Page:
Switching mobile carriers will become much easier this year

Ofcom has announced two ways it could simplify the process.

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Jamie Rigg
March 23rd, 2016

There are several reasons to remain allied to one mobile network operator or another. Loyalty rewards such as contract discounts and special upgrade terms aside, switching providers can just be a bit of a faff. UK telecoms regulator Ofcom doesn't want this to deter you from shopping around, which is why it's going to make the process of jumping between carriers a whole lot easier. It's been on Ofcom's agenda since last summer, shortly after the regulator introduced a greatly simplified way of switching between broadband suppliers. Today, Ofcom's announced its formal proposals, volunteering a couple of different options it's settled on to the hassle out of moving providers.

Ofcom won't be telling mobile operators what's what until autumn, after taking feedback on its plan into account, which is why it's proposing two methods of simplification right now. The first (and preferred) idea is to introduce a "gaining-provider led" process, which is exactly how changing broadband providers works now. All a consumer would have to do is to pick their new carrier, and that company will do all the legwork on their behalf, including advising them of their current provider's notice period and any outstanding charges.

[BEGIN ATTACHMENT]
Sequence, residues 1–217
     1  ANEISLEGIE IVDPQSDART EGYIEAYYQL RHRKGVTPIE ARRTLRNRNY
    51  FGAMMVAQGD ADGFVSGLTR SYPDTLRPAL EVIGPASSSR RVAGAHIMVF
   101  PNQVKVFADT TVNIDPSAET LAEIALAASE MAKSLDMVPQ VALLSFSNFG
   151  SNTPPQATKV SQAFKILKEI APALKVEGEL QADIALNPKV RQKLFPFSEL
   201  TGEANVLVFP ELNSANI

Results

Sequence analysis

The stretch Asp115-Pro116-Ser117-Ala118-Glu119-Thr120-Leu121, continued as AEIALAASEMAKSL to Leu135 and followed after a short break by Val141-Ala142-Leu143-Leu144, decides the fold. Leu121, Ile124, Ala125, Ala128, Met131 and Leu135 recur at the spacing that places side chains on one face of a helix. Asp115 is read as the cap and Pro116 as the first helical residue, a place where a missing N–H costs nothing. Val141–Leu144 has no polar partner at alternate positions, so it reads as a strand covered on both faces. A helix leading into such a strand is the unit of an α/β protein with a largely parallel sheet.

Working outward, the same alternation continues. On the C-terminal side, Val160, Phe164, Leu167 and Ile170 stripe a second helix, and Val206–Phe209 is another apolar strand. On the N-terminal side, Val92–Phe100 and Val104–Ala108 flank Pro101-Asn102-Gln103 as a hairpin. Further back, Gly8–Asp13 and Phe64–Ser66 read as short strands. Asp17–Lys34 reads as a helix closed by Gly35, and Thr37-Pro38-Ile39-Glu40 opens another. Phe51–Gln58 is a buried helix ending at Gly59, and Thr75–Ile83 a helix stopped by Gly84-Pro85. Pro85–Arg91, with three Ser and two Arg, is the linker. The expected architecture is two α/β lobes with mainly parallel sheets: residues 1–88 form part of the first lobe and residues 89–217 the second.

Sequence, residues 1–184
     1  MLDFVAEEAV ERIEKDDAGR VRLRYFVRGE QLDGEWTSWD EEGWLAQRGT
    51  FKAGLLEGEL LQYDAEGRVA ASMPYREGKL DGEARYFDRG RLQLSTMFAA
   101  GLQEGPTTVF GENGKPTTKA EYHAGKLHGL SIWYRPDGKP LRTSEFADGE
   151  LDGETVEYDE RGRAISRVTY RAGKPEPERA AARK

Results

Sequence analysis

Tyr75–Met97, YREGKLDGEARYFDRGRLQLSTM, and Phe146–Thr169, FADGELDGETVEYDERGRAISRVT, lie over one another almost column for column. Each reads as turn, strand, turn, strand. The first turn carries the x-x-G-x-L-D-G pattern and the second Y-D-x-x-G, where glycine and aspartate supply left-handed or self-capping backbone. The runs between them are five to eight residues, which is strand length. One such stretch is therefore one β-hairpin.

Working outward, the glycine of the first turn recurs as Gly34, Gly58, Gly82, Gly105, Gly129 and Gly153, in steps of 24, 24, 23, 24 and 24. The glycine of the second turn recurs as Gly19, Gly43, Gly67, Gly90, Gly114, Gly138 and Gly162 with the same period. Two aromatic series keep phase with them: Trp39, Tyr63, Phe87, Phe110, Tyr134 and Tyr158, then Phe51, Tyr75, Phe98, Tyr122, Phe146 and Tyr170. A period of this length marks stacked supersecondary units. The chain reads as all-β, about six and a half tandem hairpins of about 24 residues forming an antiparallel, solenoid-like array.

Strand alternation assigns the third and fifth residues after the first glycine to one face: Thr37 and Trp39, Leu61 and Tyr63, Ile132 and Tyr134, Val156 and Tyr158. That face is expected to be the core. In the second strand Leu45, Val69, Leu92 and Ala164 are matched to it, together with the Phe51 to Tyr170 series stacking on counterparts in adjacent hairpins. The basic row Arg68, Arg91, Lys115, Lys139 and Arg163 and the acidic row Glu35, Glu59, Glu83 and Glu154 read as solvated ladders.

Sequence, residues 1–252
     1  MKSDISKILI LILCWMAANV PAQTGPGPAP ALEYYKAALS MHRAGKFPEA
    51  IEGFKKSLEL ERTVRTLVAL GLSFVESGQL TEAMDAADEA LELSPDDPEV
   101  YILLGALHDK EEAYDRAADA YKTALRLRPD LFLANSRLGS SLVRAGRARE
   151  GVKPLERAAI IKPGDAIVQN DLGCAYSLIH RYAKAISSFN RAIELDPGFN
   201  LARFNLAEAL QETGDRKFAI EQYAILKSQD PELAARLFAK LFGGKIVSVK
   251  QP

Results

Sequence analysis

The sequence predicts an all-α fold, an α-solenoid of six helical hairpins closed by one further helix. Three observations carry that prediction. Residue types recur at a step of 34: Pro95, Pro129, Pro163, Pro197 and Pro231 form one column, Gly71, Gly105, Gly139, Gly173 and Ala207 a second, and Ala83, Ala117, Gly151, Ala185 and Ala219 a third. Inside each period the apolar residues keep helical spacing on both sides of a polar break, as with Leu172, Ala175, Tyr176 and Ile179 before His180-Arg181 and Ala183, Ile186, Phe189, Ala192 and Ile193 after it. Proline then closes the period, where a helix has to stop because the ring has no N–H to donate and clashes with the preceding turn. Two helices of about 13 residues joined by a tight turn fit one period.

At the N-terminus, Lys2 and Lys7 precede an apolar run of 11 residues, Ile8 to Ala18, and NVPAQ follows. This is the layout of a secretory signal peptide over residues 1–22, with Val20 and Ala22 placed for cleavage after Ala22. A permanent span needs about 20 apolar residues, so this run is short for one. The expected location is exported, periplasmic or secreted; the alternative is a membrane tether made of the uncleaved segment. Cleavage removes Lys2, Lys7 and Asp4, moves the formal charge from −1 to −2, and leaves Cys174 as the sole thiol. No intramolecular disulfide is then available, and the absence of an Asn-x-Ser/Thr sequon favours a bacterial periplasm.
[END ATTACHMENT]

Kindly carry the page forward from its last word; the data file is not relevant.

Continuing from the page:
The second, slightly less convenient option is to make requesting PAC codes easier and immediate, either online, by text or by phone. You need a PAC code to carry your mobile number over to your new provider, but typically, you have to call your current carrier, put a request in, and wait (often a day or two) for the code before giving that info to the network you're switching to. With immediate access to PAC codes, there will be much less back and forth, and you should only really need to make the one call to your new provider.

Either way Ofcom decides to implement simpler carrier switching, it should incentivise you to seek out the best deals as your contract approaches its conclusion. It should also have a knock-on effect on competition, too, with carriers being ever more mindful of the level of service and prices they offer when it becomes much less a chore for consumers to jump ship.

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